Gaming has been so completely oversaturated by first-person shooters over the past two decades that it’s hard to imagine that there’s any room left for innovation. Fast-paced shooters. Slow-paced, methodical shooters. FPSs with parkour and RPG elements. It seems like it’s all been done.
The last time there was something truly different in the field was when Valve released Portal, which made players completely re-think how to traverse a level. But the first portal came out almost a decade ago, and beyond that, it’s been almost nothing but additional entries in the Call of Duty and Battlefield franchises.
But Superhot shows there might still be a few new ideas that can be squeezed out of first-person shooters. Superhot is a unique and fun new take on the genre where every firefight is a puzzle and time only moves when you move.
Superhot borrows a bit from any random FPS, the Fallout V.A.T.S. system, and even the underrated rails shooter REZ to craft its gameplay.
You begin each level in a completely white environment, typically unarmed. A few human enemies made up of only red polygons may be nearby, but they can only move toward you or fire their weapons when you move. That might sound like it makes the game incredibly easy, but one-hit kills are also in full force. The strategy involved in setting up a perfect shot may feel like a Fallout game, but the ever-present fear of dying makes the game flow more like Super Meat Boy or N+.
Levels start off simple. It’s just a matter of grabbing a gun, positioning yourself just right, and offing a few foes, but the difficulty quickly ramps up, with some levels including upwards of dozen enemies. You’ll have to move fast and plan carefully to take out a few “red dudes” with a pistol before grabbing a katana sword and ultimately throwing it at last group of enemies before picking up a shotgun to finish them off once and for all.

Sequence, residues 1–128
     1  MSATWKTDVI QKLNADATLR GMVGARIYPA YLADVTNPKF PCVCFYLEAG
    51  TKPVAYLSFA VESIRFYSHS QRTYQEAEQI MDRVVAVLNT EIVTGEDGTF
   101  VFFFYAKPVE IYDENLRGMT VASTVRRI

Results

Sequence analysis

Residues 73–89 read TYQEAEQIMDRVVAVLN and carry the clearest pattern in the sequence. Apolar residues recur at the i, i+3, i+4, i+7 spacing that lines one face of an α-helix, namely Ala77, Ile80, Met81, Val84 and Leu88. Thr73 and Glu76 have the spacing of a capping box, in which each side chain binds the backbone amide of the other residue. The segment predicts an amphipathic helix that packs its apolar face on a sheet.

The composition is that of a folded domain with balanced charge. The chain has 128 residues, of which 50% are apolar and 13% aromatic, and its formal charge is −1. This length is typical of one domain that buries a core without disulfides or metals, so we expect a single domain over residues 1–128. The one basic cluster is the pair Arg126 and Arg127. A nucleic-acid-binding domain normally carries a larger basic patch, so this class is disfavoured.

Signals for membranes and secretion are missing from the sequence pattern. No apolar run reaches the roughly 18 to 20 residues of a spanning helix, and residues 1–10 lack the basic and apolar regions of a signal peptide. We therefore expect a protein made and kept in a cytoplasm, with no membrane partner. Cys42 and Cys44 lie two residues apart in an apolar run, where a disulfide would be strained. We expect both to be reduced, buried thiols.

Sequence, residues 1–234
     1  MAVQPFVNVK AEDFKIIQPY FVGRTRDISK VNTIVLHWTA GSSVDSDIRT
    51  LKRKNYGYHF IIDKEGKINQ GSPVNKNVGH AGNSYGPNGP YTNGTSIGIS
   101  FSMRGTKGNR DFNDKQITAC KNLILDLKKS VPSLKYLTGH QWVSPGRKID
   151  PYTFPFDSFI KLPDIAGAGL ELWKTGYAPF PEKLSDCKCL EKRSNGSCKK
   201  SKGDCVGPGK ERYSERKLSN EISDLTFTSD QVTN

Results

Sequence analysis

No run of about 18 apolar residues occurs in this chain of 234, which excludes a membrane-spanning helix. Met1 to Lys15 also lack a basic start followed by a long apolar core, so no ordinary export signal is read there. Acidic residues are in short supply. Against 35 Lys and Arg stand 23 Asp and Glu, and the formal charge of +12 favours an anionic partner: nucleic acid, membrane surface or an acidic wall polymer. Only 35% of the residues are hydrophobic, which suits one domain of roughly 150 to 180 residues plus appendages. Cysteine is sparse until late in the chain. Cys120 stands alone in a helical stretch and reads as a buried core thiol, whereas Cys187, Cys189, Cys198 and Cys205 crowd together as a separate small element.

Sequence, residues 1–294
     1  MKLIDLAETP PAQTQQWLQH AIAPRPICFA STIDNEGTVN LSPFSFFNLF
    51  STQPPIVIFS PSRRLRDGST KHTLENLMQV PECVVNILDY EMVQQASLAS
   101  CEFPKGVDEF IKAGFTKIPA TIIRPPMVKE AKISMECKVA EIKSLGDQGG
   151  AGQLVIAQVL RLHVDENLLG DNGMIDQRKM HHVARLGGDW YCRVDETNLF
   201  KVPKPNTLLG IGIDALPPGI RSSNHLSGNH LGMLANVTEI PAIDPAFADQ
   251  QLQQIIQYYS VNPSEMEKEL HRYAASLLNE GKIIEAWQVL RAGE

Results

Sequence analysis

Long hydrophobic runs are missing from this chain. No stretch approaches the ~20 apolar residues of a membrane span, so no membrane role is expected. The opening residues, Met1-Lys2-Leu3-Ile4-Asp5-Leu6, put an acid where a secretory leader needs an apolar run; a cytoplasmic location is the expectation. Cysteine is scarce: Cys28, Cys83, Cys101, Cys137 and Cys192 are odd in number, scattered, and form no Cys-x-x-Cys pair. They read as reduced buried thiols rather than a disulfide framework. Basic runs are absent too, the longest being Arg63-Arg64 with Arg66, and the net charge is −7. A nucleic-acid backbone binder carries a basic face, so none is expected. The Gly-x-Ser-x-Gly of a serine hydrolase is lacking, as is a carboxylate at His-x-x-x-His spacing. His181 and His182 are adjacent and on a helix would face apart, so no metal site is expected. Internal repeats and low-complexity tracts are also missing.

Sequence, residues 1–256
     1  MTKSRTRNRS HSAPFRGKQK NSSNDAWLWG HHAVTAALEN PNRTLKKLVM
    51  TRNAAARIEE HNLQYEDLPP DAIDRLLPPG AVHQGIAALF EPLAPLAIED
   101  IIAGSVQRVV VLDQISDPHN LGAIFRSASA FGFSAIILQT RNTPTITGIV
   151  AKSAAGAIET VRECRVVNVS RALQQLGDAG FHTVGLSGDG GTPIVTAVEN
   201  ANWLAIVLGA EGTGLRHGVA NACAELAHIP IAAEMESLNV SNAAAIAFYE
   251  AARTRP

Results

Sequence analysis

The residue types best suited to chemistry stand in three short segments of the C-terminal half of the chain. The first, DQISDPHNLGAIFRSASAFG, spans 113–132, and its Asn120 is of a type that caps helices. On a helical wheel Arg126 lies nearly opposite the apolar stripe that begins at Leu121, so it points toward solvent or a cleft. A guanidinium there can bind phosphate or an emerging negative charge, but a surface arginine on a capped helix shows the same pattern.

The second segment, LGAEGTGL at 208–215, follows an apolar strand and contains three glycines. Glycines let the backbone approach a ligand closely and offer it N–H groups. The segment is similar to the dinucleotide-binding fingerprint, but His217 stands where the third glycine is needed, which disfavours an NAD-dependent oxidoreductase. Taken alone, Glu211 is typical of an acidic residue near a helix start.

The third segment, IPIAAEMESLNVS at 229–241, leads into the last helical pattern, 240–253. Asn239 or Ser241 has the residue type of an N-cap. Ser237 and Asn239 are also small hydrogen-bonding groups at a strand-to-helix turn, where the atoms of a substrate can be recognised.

When Superhot works well, it feels like a perfectly choreographed Hong Kong action movie that you’re in complete control of. Enemies, shattered into thousands of red polygons, are frozen in midair as bullets whiz by and you move to the other end of the level to get off your next shot.
That being said, a few levels can require frustratingly perfect planning and timing. And if there are too many enemies in a level, it’s easy to be taken out by a stray bullet from behind that you had no idea was coming. Still, these are mostly just speed bumps in an overall enjoyable experience.
And oh yeah, Superhot may just look like a tech demo for an interesting idea (and indeed it did begin life as just a prototype for seven-day game development challenge). but there’s actually an interesting story here about getting the Superhot game from your friend and findin that it slowly consumes your life. Yeah, that sounds like a bad ’90s sci-fi movie, but the story, told only via chat text, works well here, and there are actually a few cool Eternal Darkness-esque moments that blur the line between glitches and what’s really part of the game.
Ultimately, Superhot is a lot more than just the tech demo that it began life as, but it’s also not quite the future of the FPS genre. What it is an innovative new take on the genre that everyone looking for something a little different should check out.
At first glance, you could fault Superhot for looking like a Playstation 1 game, but Superhot’s graphics are actually extremely well thought out and stylized. The world is white. Enemies and danger are red, and weapons are black.
Yes, all of the models are very low-poly, but it would be ridiculously difficult to figure out where bullets were coming from if Superhot looked like a Call of Duty clone. Superhot may not look like much, but it knows what it’s doing with its art, and if the style hasn’t grown on you by the end of the (fairly brief) campaign, then you’ll probably never be convinced to like anything but ultra-realistic graphics.
Superhot’s minimalist design extends to its sound as well, so a deep voice repeating the words “Super…hot!” at the end of each level is about all you’re getting aside from the sound of weapons and the whir of a modem during interludes.
The thing is, it all works pretty well. I’m not sure that any music could fit the game better. If anything, it might take away from what Superhot Team has put together. What’s here helps create an intimate and often times anxious mood. More indie games could take a note from the work of Superhot Team and try to use sound to create an atmosphere rather than shoehorn in whatever generic rock or techno music they could afford.
The main campaign is only 3-4 hours. What’s here is good, but that does make Superhot a little expensive for the amount of content you’re getting at the $24.99 asking price. There’s also an endless mode and a challenge mode that unlock after you beat the main campaign. Those might add another hour or two to your game time, but there’s no denying that Superhot is over far too quick. Still, you’re paying more for the memorable experience (which is great) than for dozens of hours of gameplay.
Reviewed by Chris Freiberg